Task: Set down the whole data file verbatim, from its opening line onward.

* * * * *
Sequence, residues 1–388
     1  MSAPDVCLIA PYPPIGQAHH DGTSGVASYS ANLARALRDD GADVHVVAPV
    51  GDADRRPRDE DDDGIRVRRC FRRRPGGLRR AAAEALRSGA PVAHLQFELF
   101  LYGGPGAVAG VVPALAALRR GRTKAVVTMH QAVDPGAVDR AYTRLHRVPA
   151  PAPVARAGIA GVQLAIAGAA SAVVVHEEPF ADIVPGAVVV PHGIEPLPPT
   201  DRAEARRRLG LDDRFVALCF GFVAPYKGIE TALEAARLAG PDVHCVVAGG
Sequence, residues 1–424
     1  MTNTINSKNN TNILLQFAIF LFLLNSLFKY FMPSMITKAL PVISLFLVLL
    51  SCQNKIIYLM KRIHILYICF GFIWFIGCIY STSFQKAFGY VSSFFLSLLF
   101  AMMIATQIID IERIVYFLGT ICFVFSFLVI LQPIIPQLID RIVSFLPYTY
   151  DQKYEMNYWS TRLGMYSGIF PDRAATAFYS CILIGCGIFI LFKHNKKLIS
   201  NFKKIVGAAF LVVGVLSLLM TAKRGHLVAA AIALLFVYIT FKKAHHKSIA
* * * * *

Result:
Sequence, residues 1–388
     1  MSAPDVCLIA PYPPIGQAHH DGTSGVASYS ANLARALRDD GADVHVVAPV
    51  GDADRRPRDE DDDGIRVRRC FRRRPGGLRR AAAEALRSGA PVAHLQFELF
   101  LYGGPGAVAG VVPALAALRR GRTKAVVTMH QAVDPGAVDR AYTRLHRVPA
   151  PAPVARAGIA GVQLAIAGAA SAVVVHEEPF ADIVPGAVVV PHGIEPLPPT
   201  DRAEARRRLG LDDRFVALCF GFVAPYKGIE TALEAARLAG PDVHCVVAGG
Sequence, residues 1–424
     1  MTNTINSKNN TNILLQFAIF LFLLNSLFKY FMPSMITKAL PVISLFLVLL
    51  SCQNKIIYLM KRIHILYICF GFIWFIGCIY STSFQKAFGY VSSFFLSLLF
   101  AMMIATQIID IERIVYFLGT ICFVFSFLVI LQPIIPQLID RIVSFLPYTY
   151  DQKYEMNYWS TRLGMYSGIF PDRAATAFYS CILIGCGIFI LFKHNKKLIS
   201  NFKKIVGAAF LVVGVLSLLM TAKRGHLVAA AIALLFVYIT FKKAHHKSIA